Remember, if you’re a higher- or additional-rate taxpayer, you will need to complete a self-assessment tax form to claim the full tax relief you’re entitled to.

There is a limit on how much you can add to your pension while still benefiting from tax relief known as the “Annual Allowance”. For most people, this is £40,000 or 100% of their annual income, whichever is lower. If you’re a higher earner or have already taken an income from your pension, your allowance may be lower. Please contact us if you’re not sure how much your Annual Allowance is.

2. The money is usually invested

Usually, the money held in your pension is invested.

As you’ll typically be saving over decades, this provides you with an opportunity for your contributions, along with employer contributions and tax relief, to grow over the long term. It means your pension savings could grow at a faster pace and create a more comfortable retirement.

If you want to invest for the long term, doing so through a pension can be tax-efficient.

Keep in mind that your pension usually won’t be accessible until the age of 55, rising to 57 in 2028, and that investment returns cannot be guaranteed.

3. You could pay less tax through salary sacrifice

If you want to increase your pension contributions, it’s worth talking to your employer to see if they offer a salary sacrifice scheme. It could mean you have more for retirement while reducing your tax liability now.

As part of a salary sacrifice scheme, you, as the employee, would agree to reduce your earnings, while your employer would agree to pay the amount your salary has reduced by into your pension. As your income will be lower, you may be liable for less Income Tax while increasing your pension.

Again, keep in mind that you won’t be able to access your pension savings until you reach pension age.

Contact us to understand how you can get more out of your pension

If you’re not sure if you’re saving enough for retirement or want to understand how you can make your contributions add up, please contact us.

Please note: This blog is for general information only and does not constitute advice. The information is aimed at retail clients only.

A pension is a long-term investment not normally accessible until 55 (57 from April 2028). The value of your investments (and any income from them) can go down as well as up, which would have an impact on the level of pension benefits available.

Your pension income could also be affected by the interest rates at the time you take your benefits. The tax implications of pension withdrawals will be based on your individual circumstances. Levels, bases of and reliefs from taxation may change in subsequent Finance Acts.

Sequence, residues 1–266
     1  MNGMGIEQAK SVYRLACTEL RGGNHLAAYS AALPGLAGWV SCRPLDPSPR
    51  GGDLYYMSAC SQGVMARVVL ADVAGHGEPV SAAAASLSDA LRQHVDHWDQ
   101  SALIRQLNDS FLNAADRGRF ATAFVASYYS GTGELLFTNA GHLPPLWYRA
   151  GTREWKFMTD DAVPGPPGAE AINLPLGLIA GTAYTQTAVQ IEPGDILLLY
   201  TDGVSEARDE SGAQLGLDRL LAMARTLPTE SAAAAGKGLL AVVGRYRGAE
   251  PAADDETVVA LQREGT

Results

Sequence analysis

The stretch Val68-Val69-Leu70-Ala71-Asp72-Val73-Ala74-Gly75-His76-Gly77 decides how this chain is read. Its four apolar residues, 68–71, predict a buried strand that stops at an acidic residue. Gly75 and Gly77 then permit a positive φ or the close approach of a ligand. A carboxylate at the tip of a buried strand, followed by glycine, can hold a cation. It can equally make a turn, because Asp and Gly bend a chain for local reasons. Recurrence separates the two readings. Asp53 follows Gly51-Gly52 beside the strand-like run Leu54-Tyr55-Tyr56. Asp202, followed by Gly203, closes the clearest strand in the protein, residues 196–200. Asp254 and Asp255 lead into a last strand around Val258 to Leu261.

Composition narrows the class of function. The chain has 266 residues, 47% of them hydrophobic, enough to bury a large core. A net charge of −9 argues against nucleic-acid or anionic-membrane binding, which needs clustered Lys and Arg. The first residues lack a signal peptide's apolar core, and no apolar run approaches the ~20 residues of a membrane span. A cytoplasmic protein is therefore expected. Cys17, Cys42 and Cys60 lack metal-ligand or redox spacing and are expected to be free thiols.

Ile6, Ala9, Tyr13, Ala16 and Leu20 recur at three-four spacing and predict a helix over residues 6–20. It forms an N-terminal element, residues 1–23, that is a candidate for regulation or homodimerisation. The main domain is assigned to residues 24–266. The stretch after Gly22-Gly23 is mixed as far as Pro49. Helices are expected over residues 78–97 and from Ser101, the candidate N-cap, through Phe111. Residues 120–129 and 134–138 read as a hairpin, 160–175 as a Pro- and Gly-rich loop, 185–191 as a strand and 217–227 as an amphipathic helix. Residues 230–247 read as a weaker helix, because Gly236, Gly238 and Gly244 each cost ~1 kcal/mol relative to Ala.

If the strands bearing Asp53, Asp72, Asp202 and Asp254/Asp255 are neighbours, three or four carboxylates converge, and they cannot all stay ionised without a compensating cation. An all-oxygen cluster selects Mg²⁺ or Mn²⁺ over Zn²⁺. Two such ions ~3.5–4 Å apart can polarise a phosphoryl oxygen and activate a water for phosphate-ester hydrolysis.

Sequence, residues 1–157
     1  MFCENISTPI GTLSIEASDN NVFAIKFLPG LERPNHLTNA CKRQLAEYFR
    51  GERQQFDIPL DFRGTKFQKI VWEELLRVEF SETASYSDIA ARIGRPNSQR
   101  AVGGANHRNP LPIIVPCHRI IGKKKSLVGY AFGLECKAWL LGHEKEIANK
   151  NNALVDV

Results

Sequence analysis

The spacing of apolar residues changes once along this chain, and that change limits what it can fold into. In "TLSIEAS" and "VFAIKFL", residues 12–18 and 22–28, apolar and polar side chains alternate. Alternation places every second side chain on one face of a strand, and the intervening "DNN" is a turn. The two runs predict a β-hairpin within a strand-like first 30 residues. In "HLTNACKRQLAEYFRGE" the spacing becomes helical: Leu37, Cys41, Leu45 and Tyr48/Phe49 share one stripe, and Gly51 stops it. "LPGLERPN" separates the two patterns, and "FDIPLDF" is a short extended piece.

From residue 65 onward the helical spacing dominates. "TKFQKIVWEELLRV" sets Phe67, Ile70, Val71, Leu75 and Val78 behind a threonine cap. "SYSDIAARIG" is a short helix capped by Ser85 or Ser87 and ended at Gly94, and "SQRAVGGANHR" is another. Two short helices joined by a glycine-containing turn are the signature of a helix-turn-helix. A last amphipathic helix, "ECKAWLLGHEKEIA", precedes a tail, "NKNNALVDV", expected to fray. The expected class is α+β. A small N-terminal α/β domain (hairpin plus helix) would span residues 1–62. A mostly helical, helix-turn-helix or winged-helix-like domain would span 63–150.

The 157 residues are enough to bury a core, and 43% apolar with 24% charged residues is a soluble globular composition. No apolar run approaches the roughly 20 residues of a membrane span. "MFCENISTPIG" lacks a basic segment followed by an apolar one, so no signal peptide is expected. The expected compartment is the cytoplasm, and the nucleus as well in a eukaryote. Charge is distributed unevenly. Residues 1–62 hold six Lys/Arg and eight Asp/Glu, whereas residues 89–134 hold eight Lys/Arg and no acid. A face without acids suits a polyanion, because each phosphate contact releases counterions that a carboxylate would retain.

Two-thirds of retirees are planning a flexible retirement, but many don’t understand the potential tax implications

More retirees are planning to work in some way after they retire. While this flexibility can boost your income and help you strike a work-life balance that suits you, it can lead to some tax implications that you need to consider.

According to a report from abrdn, just a third of people retiring in 2022 plan to give up work completely while two-thirds will continue to work. Flexible retirement is a growing trend, in 2020 just a third of retirees planned to continue working.

When asked how they will work in retirement, 24% of those retiring this year plan to work part-time in their current job or a new position, including in the gig economy. 15% will continue to work in their own business and 12% want to use retirement to become entrepreneurs.

So, while more retirees plan to continue working, many are exploring different options that will help them build the lifestyle they want.

Financial concerns are playing a role in the flexible retirement trend, but it’s not the only reason

While creating an income in retirement is a key reason behind the flexi-retirement trend, it’s not the only one. In fact, 32% said they want something to keep them busy.

Creating a sustainable income that will last throughout your retirement can be difficult to understand. You will often need to consider a range of factors, from life expectancy to potential investment returns. So, it’s not surprising that only a quarter of 2022 retirees are confident that they’ve saved enough.

Higher levels of inflation are adding a layer of complexity.